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The Relic (Widescreen) (Bilingual)

Penelope Ann Miller , Tom Sizemore , Peter Hyams    R (Restricted)   DVD
3.4 out of 5 stars  See all reviews (87 customer reviews)
Price: CDN$ 36.01
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Relic Relic 3.4 out of 5 stars (87)
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Amazon.ca

Do yourself a favor: pick up a copy of Alien, Ridley Scott's brilliant sci-fi/horror masterpiece, instead of wasting your time on The Relic. This patent rip-off of just about every other worthy horror and/or disaster flick certainly looks good in the packaging: a sturdy cast led by Penelope Ann Miller, Tom Sizemore, and Oscar-winner Linda Hunt; a reliable director (Peter Hyams); and a creepy enough setting--Chicago's Museum of Natural History, where an anticipated exhibition about tribal artifacts called "Superstition" is about to debut. OK. So far, so good. But some of the pieces scheduled for show have crossed customs even though the freighter that has hauled them north is found adrift and empty--its crew the victims of a mysterious creature that is soon on the rampage in the museum.

The Relic relies on huge leaps of faith to engage the viewer, and finally offers nothing to elevate what could have been good fun--poking here and there at several different movie genres--to a higher level . Ultimately, the film suffers most from its own self-consciousness--it knows it's a carbon copy of better predecessors, and its awkwardness is apparent. The otherwise glossy production is so dimly lit that it's a struggle to tell what's going on, and everything in this tepid formula piece about genetic mutation gone awry is further marred by cheesy special effects. It's almost as if the movie is trying to run away from itself and hide. Try as they may, the cast is saddled with dull, wishy-washy characters who are predictably doomed or saved, depending on their place in the food chain. While the trick in any good sci-fi film is to make the monster as smart--or smarter--than its pursuers, The Relic relegates its mutated horror to less than brainy turf and the war between good and evil is never much of a war at all--just a noisy, bloody, borrowed mess. --Paula Nechak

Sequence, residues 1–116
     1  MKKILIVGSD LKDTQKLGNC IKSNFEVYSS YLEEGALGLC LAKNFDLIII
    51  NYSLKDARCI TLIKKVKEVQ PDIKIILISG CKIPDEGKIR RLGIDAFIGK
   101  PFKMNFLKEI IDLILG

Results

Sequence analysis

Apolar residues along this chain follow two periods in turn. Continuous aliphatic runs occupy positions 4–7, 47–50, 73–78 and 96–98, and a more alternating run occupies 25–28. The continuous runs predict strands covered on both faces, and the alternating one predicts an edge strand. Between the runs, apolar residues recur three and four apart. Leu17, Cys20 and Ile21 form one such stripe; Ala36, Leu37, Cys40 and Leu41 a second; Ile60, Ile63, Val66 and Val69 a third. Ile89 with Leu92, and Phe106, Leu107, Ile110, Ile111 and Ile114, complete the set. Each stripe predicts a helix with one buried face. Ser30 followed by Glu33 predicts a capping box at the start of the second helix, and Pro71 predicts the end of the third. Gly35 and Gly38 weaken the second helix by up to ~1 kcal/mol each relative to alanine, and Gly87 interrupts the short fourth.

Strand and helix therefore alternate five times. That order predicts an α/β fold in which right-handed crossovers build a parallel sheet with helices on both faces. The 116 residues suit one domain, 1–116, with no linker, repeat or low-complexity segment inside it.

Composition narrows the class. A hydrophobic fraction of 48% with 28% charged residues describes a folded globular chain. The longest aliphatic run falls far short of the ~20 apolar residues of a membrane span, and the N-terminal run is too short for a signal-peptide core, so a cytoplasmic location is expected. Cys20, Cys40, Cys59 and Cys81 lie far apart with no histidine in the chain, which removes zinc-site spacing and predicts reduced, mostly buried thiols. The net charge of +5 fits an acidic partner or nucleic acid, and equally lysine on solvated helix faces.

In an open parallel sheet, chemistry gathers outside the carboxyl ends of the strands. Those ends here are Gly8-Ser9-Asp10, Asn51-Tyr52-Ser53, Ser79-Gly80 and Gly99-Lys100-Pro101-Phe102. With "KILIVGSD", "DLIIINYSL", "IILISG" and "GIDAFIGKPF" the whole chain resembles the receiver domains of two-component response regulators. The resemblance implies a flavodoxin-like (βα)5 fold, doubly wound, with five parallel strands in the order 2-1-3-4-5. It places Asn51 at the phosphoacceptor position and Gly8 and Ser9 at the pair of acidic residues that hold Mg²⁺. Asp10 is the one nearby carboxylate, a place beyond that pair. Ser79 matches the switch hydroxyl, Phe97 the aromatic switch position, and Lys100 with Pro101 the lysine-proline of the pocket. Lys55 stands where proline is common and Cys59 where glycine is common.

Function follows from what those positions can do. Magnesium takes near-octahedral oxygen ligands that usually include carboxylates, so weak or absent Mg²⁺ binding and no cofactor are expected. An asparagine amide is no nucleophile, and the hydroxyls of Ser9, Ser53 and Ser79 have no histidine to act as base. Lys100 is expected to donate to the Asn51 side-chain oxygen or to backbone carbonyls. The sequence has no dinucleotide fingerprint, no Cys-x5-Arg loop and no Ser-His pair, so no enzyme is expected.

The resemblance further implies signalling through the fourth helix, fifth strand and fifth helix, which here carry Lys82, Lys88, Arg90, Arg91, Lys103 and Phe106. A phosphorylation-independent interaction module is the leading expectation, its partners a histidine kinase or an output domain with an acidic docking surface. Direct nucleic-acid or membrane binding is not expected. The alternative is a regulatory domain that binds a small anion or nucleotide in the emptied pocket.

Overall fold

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The Relic

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1 of 1 people found the following review helpful
2.0 out of 5 stars Dusty relic Feb. 24 2014
By E. A Solinas HALL OF FAME TOP 10 REVIEWER
Format:DVD
A museum doesn't seem like a logical place to find a giant primordial reptilian monster with a taste for brains.